Bedtime: A Daily Opportunity for Self-Care
Updated: Nov 14, 2019
The transition from daytime and its multitude of activities to the quiet solitude of bedtime and sleep can often be a challenging time for children and parents alike. Whether one is a child or an adult, our days are often filled with numerous obligations and tasks, people to interact with, television and computer screens to engage with and entertains us, and physical activities such as work, exercise, play, etc. For some people the activities of daily life may be exciting and exhilarating, while for others there may be a fair amount of anxiety and challenge posed by them. However for all of us, letting go of the day’s events and setting aside unfinished business (whether it be work or play) can at times feel difficult. Learning to do this, however, is a crucial skill in understanding how to care for one’s own body, mind, and emotions.
Why is bedtime important?
While it is important to acknowledge that differences exist between individuals, families, and cultures, any simple internet search will tell you that sleep is a vital function of the human body. Our sleeping hours are a time during which all of our body systems can repair themselves and grow at the cellular level. Its also a time when our brains can rest and process thoughts and emotions brought about through our daily lives. While newborns might sleep as much as 17 hours/day and older adults may sleep only 6 or 7 hours/night these hours are critical for our survival, our growth and brain development, and our ability to function well throughout the day. Ultimately bedtime is about sleeping and preparing ourselves to sleep. Additionally, for parents the time between your children to bed and going to bed yourself can provide a much-needed opportunity for “me-time” with oneself or “adult-time” with one’s partner. Acknowledging the importance of these realities is an important step towards managing the transition.
Why bedtime can be challenging…
Simply being aware of the importance of bedtime is not always enough to facilitate a smooth transition when the time comes. As alluded to above, bedtime can often be challenging because it can be really hard to let go of activities of the day, as well as to feel at peace about the upcoming challenges tomorrow may bring. Often prior to bedtime we might be engaged in playing games or watching programs that are stimulating or exciting. One of the biggest challenges faced by children and adults alike might be that going to sleep requires us to detach from our friends, siblings, parents, children, etc. For children this can be especially daunting, as they are constantly using their caregivers to help them regulate their emotions. As adults, when bedtime approaches it can be easy to get into the habit of ruminating about things that have to be accomplished in the near future. All of these things may contribute to resisting the transition from the daytime into sleep.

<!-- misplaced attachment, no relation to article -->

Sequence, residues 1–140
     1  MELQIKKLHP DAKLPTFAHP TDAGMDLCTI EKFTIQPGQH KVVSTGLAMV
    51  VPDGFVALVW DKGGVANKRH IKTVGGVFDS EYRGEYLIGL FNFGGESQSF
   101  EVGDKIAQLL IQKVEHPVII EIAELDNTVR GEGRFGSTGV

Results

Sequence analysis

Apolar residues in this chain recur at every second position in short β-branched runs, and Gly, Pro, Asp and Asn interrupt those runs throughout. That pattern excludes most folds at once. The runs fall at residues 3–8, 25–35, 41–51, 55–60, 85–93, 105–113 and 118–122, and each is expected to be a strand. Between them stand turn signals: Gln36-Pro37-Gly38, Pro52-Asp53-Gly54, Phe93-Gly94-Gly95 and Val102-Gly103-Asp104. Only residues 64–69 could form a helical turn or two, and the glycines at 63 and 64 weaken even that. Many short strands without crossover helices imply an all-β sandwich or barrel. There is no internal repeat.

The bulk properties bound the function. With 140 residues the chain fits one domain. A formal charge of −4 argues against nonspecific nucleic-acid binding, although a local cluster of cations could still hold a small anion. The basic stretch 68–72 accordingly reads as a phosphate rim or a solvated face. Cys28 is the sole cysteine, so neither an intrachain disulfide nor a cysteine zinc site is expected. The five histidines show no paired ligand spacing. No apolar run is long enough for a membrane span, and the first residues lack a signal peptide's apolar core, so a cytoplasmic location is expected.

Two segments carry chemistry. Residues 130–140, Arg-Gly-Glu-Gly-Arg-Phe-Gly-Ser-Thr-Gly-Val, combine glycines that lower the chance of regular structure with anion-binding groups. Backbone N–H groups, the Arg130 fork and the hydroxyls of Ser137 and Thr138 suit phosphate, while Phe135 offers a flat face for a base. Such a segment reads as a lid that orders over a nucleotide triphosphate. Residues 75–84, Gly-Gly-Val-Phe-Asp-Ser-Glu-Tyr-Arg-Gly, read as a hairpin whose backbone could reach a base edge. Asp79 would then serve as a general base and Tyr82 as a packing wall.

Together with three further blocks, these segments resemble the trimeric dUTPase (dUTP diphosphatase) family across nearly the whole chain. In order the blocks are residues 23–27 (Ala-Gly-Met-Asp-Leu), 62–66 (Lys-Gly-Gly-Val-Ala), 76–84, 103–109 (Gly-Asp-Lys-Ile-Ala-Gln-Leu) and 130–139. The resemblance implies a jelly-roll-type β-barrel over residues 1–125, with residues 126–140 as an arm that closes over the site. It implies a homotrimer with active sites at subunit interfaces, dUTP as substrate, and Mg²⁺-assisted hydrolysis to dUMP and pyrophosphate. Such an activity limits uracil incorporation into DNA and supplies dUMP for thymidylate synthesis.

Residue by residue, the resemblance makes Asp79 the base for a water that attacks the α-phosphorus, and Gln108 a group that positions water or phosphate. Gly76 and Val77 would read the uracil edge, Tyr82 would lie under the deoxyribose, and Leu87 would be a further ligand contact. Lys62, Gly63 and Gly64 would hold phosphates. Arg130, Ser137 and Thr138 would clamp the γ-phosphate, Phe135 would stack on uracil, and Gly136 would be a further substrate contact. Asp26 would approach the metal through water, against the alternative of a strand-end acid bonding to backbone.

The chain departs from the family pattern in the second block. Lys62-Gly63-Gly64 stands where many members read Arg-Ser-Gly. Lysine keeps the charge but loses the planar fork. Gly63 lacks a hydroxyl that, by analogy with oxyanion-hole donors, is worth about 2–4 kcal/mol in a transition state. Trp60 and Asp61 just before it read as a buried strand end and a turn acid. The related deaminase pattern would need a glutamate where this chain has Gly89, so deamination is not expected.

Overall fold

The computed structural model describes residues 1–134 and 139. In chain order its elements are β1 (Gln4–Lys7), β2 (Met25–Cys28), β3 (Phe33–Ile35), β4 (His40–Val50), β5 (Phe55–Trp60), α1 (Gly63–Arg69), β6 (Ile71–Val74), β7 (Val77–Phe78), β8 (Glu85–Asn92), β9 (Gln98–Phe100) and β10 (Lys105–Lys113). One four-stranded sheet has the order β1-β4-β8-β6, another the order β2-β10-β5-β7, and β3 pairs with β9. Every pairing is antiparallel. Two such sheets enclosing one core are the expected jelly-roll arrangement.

What can we do to make our bedtime experience easier?
The first thing to do is always to recognize and bring awareness to the challenge. Children who are anxious/afraid when this time comes will benefit greatly by their parents acknowledging how hard it can be to relax into the night’s activities. It is natural for children to feel scared of detaching from their parents at times, and helping them to feel seen and understood will help with their resistance. Creating small routines or rituals can also be immensely helpful. Predictability as to what will happen can help alleviate the fear of uncertainty that may arise during this time. Having a regular bedtime and a pre-sleep routine can make a huge difference. People of all ages can benefit from taking a few minutes to talk about or journal on the day’s events in order to help them feel at peace as the time for sleep draws near. When we try to go to sleep but still feel sad, angry, or afraid about the things going on in our lives it may be much more difficult to get adequate quality sleep. For adults it might also be very helpful to include making a list of the upcoming day’s needs a part of one’s bedtime routine. Feeling at peace about the current day and confident about the upcoming one can help us to relax more fully during the hours or minutes before turning off the lights and lying down.
Transitions of all sorts can be challenging to navigate. Acknowledging the daily transition from waking to sleeping, and the struggles it brings, can help to transform bedtime from a time of stress into a time of rest and joy. By learning to handle this small transition with increased mindfulness and gentleness, we prepare ourselves and our children to more easily handle the larger transitions that life presents… and when those do arise, we’ll be better rested and ready to embrace them.